Delayed ban on new ICE car sales providing 'breathing space' for EV transition

New research has found that almost a third (30%) of motorists feel that the delay to the new petrol and diesel vehicle ban will allow for more time for an expansion in electric vehicle infrastructure and improvement in technology.

Just over a quarter (28%) believe that the delay – from 2030 to 2035 – gives more time for manufacturers to improve EV technology and extend battery range, according to the findings of the survey conducted by Close Brothers Motor Finance

Whilst almost the same number (27%) of motorists say that the delay means that costs, such as the initial outlay, can come down with 23% believing that the delay allows for energy costs to fall.

The research also shows motorists’ feelings that the delay allows time for the EV market to strengthen. A quarter (26%) say that in the five years to 2035, more vehicles will enter the market, providing more choice and options. A similar number (25%) say the delay gives them more time to decide which vehicle to get.

Reflecting current perceptions of electric vehicles being unaffordable, one in five (20%) feel the delay provides more time to improve their personal finances to be able to afford an electric vehicle in the first place. One in four (25%) also says it gives time for more electric cars to enter the used-car market.

Despite a positive outlook, a sizeable proportion of motorists continue to be resistant to the transition, with almost one in five (18%) admitting they will continue to buy a used petrol/diesel car even once the ban comes into effect. Just 12% are planning on purchasing an electric car in the next 12 months. And 19% have no intention of switching to electric vehicles whatsoever.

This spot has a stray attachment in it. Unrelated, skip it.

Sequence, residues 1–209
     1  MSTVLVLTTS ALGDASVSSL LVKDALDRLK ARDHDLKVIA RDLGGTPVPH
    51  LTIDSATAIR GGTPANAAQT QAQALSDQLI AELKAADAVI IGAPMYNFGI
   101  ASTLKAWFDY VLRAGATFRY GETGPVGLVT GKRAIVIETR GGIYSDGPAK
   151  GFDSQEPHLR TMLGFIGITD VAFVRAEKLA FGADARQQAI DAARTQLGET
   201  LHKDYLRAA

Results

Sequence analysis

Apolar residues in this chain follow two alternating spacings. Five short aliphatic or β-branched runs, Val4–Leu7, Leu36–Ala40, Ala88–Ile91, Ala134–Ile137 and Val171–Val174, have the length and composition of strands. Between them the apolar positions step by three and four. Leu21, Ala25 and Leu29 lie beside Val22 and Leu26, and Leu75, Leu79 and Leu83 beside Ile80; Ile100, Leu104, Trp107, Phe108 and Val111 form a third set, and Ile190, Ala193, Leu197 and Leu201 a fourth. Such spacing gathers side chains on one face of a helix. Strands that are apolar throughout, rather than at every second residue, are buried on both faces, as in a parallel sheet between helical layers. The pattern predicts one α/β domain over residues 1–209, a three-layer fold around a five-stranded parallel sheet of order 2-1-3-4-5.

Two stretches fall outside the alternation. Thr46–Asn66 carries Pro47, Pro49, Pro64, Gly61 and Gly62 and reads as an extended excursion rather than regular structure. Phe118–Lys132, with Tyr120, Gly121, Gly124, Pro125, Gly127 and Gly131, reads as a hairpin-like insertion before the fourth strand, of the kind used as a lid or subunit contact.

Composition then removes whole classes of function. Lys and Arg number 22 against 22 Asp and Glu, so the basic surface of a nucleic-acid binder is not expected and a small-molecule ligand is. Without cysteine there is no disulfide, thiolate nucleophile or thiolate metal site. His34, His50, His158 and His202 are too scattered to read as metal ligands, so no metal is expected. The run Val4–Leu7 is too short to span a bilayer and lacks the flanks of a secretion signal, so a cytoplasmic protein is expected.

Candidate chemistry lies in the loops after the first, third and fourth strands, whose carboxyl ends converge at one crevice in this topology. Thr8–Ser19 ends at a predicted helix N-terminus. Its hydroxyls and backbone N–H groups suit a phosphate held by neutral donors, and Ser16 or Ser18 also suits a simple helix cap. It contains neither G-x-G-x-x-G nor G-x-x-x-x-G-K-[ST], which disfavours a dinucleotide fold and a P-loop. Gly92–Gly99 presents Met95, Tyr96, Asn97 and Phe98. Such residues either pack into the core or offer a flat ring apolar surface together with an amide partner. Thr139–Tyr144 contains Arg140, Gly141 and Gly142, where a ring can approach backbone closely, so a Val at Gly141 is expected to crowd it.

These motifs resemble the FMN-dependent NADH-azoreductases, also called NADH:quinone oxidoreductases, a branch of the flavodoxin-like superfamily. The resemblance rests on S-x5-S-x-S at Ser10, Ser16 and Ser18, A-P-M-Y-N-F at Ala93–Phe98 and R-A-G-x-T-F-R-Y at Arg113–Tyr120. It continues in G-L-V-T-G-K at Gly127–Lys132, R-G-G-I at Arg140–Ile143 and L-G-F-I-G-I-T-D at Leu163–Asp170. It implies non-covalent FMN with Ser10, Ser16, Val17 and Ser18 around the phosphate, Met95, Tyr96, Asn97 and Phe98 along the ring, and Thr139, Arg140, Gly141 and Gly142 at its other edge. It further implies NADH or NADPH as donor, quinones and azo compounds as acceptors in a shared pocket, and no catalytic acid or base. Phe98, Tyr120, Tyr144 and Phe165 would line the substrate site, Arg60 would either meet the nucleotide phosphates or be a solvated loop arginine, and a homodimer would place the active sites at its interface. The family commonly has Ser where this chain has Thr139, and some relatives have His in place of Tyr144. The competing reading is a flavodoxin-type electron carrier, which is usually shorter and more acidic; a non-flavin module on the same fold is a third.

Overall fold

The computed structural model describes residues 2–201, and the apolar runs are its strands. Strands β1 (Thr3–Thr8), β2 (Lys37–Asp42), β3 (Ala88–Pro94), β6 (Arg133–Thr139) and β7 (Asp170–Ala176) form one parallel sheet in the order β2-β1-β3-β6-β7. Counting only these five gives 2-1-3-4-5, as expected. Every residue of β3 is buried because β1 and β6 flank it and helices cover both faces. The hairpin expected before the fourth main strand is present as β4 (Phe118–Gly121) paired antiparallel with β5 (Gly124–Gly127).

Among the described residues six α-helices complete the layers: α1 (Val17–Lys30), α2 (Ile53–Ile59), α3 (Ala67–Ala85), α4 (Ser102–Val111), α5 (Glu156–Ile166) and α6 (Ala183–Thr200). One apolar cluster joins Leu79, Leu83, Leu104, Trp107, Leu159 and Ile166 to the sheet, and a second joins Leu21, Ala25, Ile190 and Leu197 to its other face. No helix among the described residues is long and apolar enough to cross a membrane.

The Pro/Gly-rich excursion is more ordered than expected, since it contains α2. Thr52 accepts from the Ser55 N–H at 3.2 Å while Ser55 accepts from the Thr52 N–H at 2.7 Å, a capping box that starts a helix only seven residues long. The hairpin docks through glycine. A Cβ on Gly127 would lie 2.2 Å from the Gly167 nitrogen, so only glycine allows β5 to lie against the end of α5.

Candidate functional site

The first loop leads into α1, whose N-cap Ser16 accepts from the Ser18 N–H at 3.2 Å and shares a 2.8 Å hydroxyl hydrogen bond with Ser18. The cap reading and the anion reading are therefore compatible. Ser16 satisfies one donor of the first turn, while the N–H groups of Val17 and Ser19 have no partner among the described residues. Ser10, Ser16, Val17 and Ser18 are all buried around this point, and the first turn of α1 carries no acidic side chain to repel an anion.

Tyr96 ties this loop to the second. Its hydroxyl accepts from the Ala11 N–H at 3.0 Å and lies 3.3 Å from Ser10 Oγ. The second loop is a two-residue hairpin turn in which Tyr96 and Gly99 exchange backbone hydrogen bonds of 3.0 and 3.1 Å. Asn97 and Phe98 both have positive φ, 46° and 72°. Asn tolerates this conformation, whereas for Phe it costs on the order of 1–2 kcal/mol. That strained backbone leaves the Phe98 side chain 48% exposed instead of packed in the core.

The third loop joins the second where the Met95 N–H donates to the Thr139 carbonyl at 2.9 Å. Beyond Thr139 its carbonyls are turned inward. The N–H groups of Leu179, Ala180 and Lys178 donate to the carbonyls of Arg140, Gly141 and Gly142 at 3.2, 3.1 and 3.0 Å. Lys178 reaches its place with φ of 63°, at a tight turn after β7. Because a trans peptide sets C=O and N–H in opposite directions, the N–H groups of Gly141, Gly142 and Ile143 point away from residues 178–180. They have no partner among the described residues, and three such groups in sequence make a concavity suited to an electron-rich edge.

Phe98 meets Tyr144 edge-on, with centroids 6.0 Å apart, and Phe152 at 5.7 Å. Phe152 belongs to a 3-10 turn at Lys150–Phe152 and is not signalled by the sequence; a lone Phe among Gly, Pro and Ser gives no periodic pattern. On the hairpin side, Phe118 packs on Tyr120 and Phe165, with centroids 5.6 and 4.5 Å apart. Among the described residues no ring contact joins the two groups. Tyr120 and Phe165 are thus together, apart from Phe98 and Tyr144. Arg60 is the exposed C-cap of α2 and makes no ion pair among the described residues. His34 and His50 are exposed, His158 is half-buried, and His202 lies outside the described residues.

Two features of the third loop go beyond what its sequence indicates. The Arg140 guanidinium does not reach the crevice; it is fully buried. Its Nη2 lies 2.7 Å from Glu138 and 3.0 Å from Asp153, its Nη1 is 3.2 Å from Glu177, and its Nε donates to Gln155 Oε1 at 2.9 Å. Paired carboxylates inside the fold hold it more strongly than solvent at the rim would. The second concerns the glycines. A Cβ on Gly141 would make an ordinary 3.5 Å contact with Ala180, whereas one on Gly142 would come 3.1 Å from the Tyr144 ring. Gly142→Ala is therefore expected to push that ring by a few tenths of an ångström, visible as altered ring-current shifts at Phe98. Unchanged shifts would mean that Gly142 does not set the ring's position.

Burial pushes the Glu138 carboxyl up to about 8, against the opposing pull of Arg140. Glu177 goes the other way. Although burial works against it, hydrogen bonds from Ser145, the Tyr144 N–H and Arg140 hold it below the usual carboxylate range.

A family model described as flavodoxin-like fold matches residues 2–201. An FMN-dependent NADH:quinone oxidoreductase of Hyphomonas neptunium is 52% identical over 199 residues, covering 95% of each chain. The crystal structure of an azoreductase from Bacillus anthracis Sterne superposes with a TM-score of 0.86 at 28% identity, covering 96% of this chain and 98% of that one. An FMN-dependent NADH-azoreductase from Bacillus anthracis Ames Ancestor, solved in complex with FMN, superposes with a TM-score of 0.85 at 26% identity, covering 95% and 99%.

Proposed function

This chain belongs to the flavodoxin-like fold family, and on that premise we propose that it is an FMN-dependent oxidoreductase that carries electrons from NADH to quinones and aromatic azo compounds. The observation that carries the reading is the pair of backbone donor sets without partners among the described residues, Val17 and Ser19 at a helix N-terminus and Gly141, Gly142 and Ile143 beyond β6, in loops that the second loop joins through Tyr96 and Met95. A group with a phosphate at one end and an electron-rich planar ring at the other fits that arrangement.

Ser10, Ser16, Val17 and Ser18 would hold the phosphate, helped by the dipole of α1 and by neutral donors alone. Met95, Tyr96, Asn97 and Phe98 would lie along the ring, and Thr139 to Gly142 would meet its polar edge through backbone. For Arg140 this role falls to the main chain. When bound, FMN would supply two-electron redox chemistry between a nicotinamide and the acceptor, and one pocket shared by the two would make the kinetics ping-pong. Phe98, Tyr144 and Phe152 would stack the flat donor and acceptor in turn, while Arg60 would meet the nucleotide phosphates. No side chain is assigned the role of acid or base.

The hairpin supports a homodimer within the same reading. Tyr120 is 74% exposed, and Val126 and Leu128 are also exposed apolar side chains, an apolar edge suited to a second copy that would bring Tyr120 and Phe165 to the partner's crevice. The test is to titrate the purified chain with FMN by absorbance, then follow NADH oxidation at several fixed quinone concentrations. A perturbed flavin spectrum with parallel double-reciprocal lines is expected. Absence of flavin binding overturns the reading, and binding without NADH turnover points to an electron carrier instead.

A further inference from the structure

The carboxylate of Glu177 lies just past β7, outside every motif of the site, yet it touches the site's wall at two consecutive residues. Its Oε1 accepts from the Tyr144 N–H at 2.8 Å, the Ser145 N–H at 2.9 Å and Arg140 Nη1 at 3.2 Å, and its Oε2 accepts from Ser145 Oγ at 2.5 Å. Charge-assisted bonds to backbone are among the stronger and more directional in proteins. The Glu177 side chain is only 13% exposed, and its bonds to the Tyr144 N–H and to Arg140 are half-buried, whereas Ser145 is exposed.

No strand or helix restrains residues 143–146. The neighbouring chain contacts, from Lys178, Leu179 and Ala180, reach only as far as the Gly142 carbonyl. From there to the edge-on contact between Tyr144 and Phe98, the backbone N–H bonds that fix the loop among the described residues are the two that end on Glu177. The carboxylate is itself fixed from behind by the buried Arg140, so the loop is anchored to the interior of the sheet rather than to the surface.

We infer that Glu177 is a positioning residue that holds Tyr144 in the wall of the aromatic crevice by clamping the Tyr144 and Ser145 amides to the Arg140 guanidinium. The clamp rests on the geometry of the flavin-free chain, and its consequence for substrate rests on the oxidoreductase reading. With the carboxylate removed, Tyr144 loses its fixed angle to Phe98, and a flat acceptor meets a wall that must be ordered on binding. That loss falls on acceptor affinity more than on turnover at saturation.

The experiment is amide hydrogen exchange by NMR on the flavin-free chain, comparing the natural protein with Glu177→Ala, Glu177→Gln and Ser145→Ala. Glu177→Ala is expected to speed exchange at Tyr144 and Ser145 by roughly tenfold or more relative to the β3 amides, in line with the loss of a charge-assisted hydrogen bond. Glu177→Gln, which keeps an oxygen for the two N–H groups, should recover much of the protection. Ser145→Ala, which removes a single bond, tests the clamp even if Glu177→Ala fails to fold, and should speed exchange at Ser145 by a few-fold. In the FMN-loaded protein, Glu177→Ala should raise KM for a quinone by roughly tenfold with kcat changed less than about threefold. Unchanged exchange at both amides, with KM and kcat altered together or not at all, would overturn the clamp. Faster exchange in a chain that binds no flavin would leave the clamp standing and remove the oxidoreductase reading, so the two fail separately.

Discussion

Lisa Watson, director of sales at Close Brothers Motor Finance, said: “The delayed ban of the sale of new petrol and diesel vehicles provides some much needed breathing room for the everyday motorist. In recent years they’ve had to contend with a number of pressures, including unpredictable fuel prices, the spiralling cost of car insurance and the government turning the screw on urban driving with schemes such as ULEZ.

“Our research shows that to make the eventual switch to electric vehicles as smooth as possible, motorists feel that time is needed for improvements in infrastructure and technology to take place. The Government needs to make sure that the additional time is utilised, and must match their ambition with necessary investment.

“For now, it continues to be vital that motor dealers ensure they’re stocking the right cars to meet this growing change in demand, and in a new landscape of car ownership, continuing to utilise insights and tools to monitor trends will be important to ensuring their forecourts are best suited to consumer demand.”


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